The Supreme Court further reiterated the importance of sale agreement between the builder and buyer, as it recently ruled that the period of allotment of a housing unit to a home buyer has to be considered from the date of the builder-buyer agreement and not from the date of registration of the project under the Real Estate (Regulation and Development) Act, 2016. The court further ordered the RERA authorities to order payment of compensation from the builder as per the sale agreement, the sanctity of which has been upheld through this order.


Consequence of failure to execute a sale deed

As per the Indian Registration Act, 1908, any agreement for transfer of any interest in an immovable property of value more than one hundred rupees, is required to be registered.  So, if you have purchased any property under any agreement for sale, without it being followed by a proper sale deed, you do not get any right or interest in the property purported to be transferred under the agreement of sale.

This absolute rule is subject to the exception provided under Section 53A of the Transfer of Property Act. Section 53A provides that where the buyer has obtained possession of the property that is subject matter of the transfer, while fully complying with his part of the obligation under the agreement, the seller shall not be entitled to disturb the possession so granted to the buyer. It may be noted that Section 53A provides a shield to the proposed transferee against the transferor and debars the transferor from disturbing possession of the transferee, but it does not cure the title of the buyer to the property. The ownership of the property still remains with the seller.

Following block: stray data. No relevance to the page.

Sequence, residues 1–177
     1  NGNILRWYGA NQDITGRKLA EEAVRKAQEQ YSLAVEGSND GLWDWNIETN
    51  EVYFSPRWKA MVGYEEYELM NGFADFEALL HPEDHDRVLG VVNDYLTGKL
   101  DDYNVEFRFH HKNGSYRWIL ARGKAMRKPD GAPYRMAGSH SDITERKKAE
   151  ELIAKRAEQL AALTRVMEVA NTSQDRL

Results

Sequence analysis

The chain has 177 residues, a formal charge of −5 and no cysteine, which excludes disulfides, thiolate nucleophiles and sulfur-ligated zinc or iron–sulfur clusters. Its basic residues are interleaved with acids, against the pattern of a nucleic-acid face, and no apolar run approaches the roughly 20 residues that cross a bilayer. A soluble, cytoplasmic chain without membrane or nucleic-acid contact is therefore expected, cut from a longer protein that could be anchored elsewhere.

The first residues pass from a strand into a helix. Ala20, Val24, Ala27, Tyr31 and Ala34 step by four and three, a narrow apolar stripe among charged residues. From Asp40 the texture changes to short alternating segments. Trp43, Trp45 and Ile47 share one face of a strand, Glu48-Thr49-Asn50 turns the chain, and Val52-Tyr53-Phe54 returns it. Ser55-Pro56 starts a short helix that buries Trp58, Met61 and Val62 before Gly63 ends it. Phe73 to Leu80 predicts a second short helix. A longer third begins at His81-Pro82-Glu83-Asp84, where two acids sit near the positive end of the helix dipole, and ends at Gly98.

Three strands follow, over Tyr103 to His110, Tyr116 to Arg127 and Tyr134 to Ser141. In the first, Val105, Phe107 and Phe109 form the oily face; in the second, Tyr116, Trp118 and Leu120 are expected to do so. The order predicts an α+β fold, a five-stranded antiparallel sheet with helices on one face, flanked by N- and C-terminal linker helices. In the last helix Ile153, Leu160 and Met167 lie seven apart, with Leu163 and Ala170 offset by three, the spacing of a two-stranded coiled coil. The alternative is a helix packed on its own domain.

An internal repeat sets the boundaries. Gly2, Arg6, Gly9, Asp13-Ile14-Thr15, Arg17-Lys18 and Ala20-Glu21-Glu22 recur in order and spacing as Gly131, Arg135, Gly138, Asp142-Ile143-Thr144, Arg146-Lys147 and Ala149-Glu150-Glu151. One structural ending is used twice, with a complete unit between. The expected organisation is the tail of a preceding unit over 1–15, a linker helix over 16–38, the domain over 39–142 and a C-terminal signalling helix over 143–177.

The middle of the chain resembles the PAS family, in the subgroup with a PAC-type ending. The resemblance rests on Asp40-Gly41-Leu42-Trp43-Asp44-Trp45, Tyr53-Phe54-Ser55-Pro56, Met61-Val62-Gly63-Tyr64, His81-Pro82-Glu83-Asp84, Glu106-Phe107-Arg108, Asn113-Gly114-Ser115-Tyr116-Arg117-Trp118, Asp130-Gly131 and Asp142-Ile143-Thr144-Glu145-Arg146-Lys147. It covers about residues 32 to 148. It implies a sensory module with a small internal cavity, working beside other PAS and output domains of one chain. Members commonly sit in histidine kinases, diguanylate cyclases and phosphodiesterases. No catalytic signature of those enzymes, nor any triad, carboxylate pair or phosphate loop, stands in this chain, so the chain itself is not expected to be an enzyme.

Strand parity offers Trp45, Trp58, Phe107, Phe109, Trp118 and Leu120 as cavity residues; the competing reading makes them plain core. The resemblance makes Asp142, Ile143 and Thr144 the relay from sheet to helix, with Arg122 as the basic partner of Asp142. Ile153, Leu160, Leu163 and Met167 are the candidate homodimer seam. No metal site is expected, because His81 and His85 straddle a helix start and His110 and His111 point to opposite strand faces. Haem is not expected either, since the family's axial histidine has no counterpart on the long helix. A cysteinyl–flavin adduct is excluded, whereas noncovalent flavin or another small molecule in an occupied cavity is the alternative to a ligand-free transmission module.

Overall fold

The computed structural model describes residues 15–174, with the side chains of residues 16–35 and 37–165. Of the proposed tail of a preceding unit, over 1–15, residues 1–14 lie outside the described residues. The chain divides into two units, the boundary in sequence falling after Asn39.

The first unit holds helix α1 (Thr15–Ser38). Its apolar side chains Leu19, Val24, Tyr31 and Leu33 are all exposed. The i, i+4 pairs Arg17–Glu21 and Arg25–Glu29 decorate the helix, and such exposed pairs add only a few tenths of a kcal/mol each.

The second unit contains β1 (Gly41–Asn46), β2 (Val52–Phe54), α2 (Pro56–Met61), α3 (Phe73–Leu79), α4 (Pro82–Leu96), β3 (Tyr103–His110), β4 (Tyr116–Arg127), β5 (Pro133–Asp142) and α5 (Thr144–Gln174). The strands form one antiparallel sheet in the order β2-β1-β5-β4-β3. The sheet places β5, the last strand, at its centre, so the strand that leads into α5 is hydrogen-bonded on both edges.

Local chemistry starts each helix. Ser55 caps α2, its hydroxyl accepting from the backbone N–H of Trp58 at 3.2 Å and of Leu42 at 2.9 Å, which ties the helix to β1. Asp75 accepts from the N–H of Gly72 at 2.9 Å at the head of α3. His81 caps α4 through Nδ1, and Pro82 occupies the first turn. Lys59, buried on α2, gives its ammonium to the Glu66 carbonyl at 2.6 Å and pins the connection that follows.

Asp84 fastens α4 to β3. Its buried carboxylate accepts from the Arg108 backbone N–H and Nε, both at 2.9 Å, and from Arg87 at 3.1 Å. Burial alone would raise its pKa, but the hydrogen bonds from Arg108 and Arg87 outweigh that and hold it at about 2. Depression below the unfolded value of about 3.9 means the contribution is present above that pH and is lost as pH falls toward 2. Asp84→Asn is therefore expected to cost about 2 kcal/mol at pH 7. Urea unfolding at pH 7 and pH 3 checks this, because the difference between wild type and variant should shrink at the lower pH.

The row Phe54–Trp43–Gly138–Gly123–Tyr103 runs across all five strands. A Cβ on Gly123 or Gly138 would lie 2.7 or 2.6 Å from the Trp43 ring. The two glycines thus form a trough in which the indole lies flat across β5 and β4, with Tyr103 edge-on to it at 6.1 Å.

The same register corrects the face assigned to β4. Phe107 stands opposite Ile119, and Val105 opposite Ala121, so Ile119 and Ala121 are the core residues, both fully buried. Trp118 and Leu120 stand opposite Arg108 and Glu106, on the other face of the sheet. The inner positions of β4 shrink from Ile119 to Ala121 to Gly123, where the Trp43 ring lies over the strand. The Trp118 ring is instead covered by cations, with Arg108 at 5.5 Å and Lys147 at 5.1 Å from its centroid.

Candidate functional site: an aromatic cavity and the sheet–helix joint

So, in the cases where you have purchased any property under a sales agreement and got possession, the title of the property still remains with the developer, unless a sale deed subsequently has been executed and registered under the Indian Registration Act. Thus, it becomes clear that a title in an immovable property can only be transferred by a sale deed. In the absence of a duly stamped and registered sale deed, no right, title or interest in an immovable property, accrue to the buyer of the property.



What is agreement for sale?

An agreement for sale, is an agreement to sell a property in future. This agreement specifies the terms and conditions, under which the property in question will be transferred.

What is sale deed?

The sale deed is the main legal document by which a seller transfers his property right to the purchaser, who then acquires absolute ownership of the property.

What is the difference between agreement for sale and sale deed?

An agreement for sale is a promise in future, that the property will be transferred to the rightful owner while sale deed is the actual transfer of property ownership to the buyer.

(The author is a tax and investment expert, with 35 years’ experience)


Was this article useful?
  • 😃 (191)
  • 😐 (19)
  • 😔 (25)